On April 19, 1995, a massive truck bomb was detonated in downtown Oklahoma City, demolishing the Alfred P. Murrah Federal Building, leaving 168 dead and more than 650 others injured. In the panic that immediately followed, word spread that the hunt for foreign terrorists had begun. Anyone dark-skinned and especially who had that swarthy, furtive, dark Middle Eastern “look” – Arab men, in other words – was highly suspect.
For a moment we tempted demagoguery, fear and the plainest racism. Someone foreign, someone brown – Middle Eastern, likely – would answer for this. Muslims were prone to it, we were sure.
The experts weren’t.
Two days later Timothy McVeigh, a Persian War Army veteran, was arrested in jail, where he had been placed following a traffic violation and arrest for unlawful possession of a handgun; Terry Nichols was arrested in Herington after surrendering to authorities. Both men were members of a right-wing, white nationalist survival group based in Michigan. They would be convicted of multiple felonies, including murder, in the bombing. McVeigh was executed by lethal injection on June 11, 2001 at a federal prison in Indiana. Nichols is serving 161 consecutive life terms in prison.
Oklahoma City then, and Paris now, should tell us that skin color and religion have no franchise on terrorism. And yet here we are: 31 governors, including Sam Brownback, would block White House efforts to resettle Syrian refugees in their states, although they have no authority to do this. Syrians look like terrorists – as we are told to imagine them – so why take a chance? Today’s irony is that 20 years ago no governors rushed to ban entry to white Kansas “Christians” in the wake of the terror that two of them had created.
Across the Atlantic, people have known for generations that racism and xenophobia have no place in fighting terrorism. This has been so for the ten centuries since the Crusades laid waste to what is now Western Europe; in the most recent history, skin color and religion were non-starters in the hunt for the Baader-Meinhof gang (1970-98), and the Red Army Faction; or the Brigate Rosse (Red Brigade) in Italy, left-wing paramilitary organizations, or the IRA in Britain. These terrorists were neither Middle Eastern nor Muslim.
The rape of the Koran, and smearing the Muslim faith are the consequence of fear-mongers, not a counter to terrorism.
After the horror in Paris Friday, Nov. 13, Europe has mourned and begun the search for answers; America has turned to conniptions, starting with revoking pledges to accept refugees from the tyranny and murder now gripping Syria. Governors, including ours, reacted in panic and dread.
Thus our capitulation to fear, demolishing values at the center of our democratic society, starting with the free flow of information and people.
In Europe, nations that pledged to take refugees are continuing that promise. The watch for enemies is in trust to their experts, national police and intelligence agencies: In France, the Sûreté and Gendarmerie Nationale; in Germany, the Bundeskriminalamt (BKA); in Britain, MI5 and MI6 and Scotland Yard; not far away are the Israeli Mossad, and Interpol, the international police intelligence agency with 198 member nations, headquartered in Lyon, France.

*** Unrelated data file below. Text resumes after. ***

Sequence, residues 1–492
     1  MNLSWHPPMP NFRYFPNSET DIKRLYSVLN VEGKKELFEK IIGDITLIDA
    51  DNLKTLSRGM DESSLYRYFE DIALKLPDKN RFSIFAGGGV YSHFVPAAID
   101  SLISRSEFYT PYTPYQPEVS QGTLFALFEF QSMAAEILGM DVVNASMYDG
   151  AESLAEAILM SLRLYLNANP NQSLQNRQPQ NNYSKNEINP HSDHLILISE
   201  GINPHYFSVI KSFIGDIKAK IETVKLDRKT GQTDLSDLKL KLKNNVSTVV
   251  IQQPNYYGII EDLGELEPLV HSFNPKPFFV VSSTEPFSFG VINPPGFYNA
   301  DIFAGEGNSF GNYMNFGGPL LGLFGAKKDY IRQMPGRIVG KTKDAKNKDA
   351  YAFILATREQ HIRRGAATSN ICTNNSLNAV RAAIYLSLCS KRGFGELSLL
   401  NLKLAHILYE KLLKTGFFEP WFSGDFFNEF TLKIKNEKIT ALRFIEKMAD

War is at hand. So is the risk of overreach, threatening the innocent. Our larder of individual liberties is already at risk, depleted by various combinations of fear, demagoguery, a lust for power, religious zeal, and simple greed. Free people are diminishing throughout the western world. We don’t need any help from Sam Brownback.
As our governor and his kind have so ably demonstrated, the gravest threat posed to the individual and to society is that phony phrase, “national security.” We add to that threat by illegally closing our borders, first to one group – and who’s next?
In pursuit of terrorists we have tolerated and even encouraged corrupt intelligence operations, criminal FBI, CIA and NSA acts, and State Department lying. We have given presidents more authority to plunge us into war without the people’s consent. From Oklahoma City to the Towers and Paris, before and after, we are fed a constant fright diet about the intentions and capabilities of our enemies. This only makes us willing to surrender our most precious heritage to government through, among other laws, the so-called Patriot Act – all in the name of “national security.”
The late Walter Lippmann predicted a time when the nation would become so terrified we would “willingly put manacles on our wrists to stop our hands from shaking.”
That’s not exactly what’s happening. The manacles are going on while we’re sitting on those hands, blithely unconcerned about our reaction to terrorism, the threat to our freedoms.
Is there a way back to the Constitution, to an open society, to individual freedoms and protection from government? Perhaps not. The chains have been forged. We need only to put them on.